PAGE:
Frognall, completed in 1889, designed by the prominent architect James Gall, is of architectural, historic and social significance at the State level.
Architecturally, the house is considered one of the best and most fully developed examples of the Italianate style mansion in the state, and remarkably still occupies the centre of its original allotment, which remains substantially intact. It has an unusually dynamic composition, aided by its distinctive tower and overall thee-dimensional treatment. There is an unusually rich level of cement render detailing, including arcaded and balustraded loggia, a pedimented entrance, and deep bracketed eaves, reaching a crescendo in the projecting broken pediments capping each face of the tower. Other notable elements include its intact unpainted rendered facade and intact interior with an elegant staircase, splendid stained and frosted glass and the servants' bells Another exceptional feature is the intact stable and coach house block.
Socially, the house illustrates the lifestyle of the affluent merchants and businessmen who flocked to the suburbs of Camberwell, Canterbury, Surrey Hills and Glen Iris during the boom years of the 1880's following the extension of the railway system. Numerous mansions, set in large grounds, were established in this period.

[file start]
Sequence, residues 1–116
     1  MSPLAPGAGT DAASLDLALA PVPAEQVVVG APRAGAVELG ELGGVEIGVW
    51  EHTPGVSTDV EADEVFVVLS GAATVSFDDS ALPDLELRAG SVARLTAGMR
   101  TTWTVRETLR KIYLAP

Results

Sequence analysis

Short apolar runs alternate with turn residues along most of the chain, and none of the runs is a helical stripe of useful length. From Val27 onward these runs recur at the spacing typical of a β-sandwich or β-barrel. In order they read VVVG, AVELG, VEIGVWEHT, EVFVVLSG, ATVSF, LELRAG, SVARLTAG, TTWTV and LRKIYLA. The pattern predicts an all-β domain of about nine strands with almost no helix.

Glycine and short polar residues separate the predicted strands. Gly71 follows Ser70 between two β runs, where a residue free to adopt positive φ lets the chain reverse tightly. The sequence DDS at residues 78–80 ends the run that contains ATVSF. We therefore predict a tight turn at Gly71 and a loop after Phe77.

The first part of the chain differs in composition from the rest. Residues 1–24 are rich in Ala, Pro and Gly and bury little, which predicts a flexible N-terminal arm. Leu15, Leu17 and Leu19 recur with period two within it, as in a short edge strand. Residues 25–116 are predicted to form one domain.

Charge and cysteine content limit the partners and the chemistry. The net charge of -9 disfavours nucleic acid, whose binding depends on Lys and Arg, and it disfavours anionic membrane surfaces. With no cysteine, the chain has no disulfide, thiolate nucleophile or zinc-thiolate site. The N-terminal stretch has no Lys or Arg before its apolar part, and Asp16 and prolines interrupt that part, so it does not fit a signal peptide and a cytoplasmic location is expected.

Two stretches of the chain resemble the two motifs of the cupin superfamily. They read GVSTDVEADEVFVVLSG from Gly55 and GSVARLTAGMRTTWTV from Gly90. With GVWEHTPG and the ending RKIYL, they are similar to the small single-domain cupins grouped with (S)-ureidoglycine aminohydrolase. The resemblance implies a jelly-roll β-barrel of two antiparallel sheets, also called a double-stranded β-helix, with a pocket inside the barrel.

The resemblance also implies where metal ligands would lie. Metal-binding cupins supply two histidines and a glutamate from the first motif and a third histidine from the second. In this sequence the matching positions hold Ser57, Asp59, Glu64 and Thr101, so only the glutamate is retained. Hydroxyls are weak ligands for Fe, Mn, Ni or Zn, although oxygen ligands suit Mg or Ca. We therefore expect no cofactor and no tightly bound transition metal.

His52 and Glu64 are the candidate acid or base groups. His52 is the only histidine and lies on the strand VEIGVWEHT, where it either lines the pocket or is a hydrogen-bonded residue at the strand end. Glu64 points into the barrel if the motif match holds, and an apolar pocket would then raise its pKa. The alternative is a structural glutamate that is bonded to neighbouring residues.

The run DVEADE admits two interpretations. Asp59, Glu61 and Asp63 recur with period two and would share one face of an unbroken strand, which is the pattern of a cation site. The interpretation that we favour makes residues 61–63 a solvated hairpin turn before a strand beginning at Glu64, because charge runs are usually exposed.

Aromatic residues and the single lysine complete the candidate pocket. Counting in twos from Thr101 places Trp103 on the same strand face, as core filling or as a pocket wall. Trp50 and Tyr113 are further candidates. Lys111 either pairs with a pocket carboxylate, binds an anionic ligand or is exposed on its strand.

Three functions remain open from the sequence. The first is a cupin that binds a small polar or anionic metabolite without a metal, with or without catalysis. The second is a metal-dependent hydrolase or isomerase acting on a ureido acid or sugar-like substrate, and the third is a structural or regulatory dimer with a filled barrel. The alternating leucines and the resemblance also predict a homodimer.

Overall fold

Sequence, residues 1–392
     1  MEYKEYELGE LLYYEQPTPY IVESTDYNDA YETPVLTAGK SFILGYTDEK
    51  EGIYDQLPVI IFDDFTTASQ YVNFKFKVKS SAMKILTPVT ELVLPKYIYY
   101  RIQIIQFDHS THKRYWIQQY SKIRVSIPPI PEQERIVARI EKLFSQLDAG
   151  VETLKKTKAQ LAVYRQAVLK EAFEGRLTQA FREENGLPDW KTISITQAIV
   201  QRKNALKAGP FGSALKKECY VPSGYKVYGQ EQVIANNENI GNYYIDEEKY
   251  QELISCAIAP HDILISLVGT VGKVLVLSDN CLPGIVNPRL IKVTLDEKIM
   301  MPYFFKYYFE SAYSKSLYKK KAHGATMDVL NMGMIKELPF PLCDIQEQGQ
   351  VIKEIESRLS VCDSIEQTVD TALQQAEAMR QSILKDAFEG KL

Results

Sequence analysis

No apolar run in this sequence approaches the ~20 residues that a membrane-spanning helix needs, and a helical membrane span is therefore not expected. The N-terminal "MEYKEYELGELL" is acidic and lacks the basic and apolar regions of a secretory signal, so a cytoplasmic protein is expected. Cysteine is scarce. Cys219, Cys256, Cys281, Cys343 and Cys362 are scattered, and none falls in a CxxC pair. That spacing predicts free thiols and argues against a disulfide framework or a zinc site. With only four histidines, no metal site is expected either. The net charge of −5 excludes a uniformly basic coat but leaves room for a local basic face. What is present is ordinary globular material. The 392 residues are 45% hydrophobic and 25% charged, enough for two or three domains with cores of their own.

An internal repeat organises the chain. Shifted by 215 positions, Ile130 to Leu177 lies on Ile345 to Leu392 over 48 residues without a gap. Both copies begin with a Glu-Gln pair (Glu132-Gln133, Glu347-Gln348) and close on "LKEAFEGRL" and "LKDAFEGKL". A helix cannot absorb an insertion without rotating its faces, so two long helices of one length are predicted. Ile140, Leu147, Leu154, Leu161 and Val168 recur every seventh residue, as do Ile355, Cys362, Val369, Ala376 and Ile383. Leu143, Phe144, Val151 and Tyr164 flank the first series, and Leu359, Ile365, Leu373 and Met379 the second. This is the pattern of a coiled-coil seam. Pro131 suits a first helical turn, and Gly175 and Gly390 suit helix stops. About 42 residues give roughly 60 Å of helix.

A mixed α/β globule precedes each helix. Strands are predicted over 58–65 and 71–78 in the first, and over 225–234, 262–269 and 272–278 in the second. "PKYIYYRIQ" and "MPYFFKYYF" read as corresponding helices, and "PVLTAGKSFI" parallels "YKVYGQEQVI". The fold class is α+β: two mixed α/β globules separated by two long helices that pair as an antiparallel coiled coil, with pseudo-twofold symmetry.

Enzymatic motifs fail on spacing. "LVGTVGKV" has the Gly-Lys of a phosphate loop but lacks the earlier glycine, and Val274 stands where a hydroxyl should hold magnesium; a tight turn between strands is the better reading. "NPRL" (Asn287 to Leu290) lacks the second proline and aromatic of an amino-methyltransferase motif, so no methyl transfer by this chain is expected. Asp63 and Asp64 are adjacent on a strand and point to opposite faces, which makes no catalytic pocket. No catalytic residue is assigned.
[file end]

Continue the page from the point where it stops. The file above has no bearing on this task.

Historically, Frognall has an interesting association with Clarence Hicks, a prominent timber merchant nearby in Hawthorn, who profited to such an extent from the rapid rise in residential construction in the area in these boom years that he was able to commission this extraordinary house. He was also a local Councillor from 1888 - 1896, and Shire President in 1889.
The property was also occupied for over 40 years by the RAAF, after being compulsorily acquired in 1943. Frognall played an important role in the RAAF communications network in the 1939-45 war.
The property retained nearly its whole sub-division lot of 1859 within a suburb elsewhere closely sub-divided, until 1993, when the rear half was subdivided. The core of a decorative garden and drive, in the same form as laid out within the first decade after the construction of the house still survives.